Over the last few weeks, church lobbyists have shopped an amendment at the state Capitol that would exempt church affiliated organizations from paying benefits to same sex partners. They’ve even begun phone banking legislators- state Rep. Michael Lawlor (D-East Haven), a leading civil union proponent, said he received four calls over the past week.

For Dr. Marie Hilliard, executive director of the Connecticut Catholic Conference, the issue is one of entitlement. The Catholic Church should be protected under the First Amendment from being required to follow policies that undermine its religious teaching, according to Hilliard. By mandating church funds towards same sex partners, via benefits packages, the civil union law infringes on religious freedom, she said.

“We’re trying to exercise our right not to de facto recognize civil unions through benefits packages,” Hilliard said.

Oh but it's nice to live in a blue state and most of us don't drink kool-aid and can see through their smoke screen.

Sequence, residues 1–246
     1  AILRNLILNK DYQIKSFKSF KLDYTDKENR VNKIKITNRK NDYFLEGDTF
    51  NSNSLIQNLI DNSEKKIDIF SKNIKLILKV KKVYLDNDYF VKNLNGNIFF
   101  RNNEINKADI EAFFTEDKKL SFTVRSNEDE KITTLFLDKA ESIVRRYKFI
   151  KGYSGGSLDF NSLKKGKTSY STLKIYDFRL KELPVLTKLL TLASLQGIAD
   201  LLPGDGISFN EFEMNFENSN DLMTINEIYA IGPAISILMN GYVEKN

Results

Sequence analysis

Problem is, the civil union law already exempts religious organizations, Lawlor said. The Judiciary Committee’s co-chairman believes the Catholic Conference is actually pushing much stronger language which the House rejected during the debate on the bill. That language would institute a range of restrictions, and not just at churches- Catholic hospitals may not be required to recognize civil unions on a range of fronts, including visitation rights, Lawlor said.

This isn't about First Amendment rights, it's about intolerance and hate pure and simple and thank goodness Lawlor had the guts to call them on their bigotry.
“This is a pathetic attempt to have another discussion about this bigotry. Now this is pure bigotry,” Lawlor said, “and we don’t want to rent our hall to that.”
We know where the church stands with homosexuality and this is the start of their master plan to chip away at the law and the rights of gays in this state.

This battle isn't going away anytime soon.

Monday, June 06, 2005

If the Navy leaves, who owns the land?

The Stamford Advocate has an interesting article about who really owns the land at the submarine base in Groton.

The answer seems no one is sure who owns the land, the state or the military.

So, when the 112 acres were donated in 1868, Connecticut was the official donor but New London had put up the most money, Bolles owned much of the land and the base was ultimately placed in Groton and Ledyard.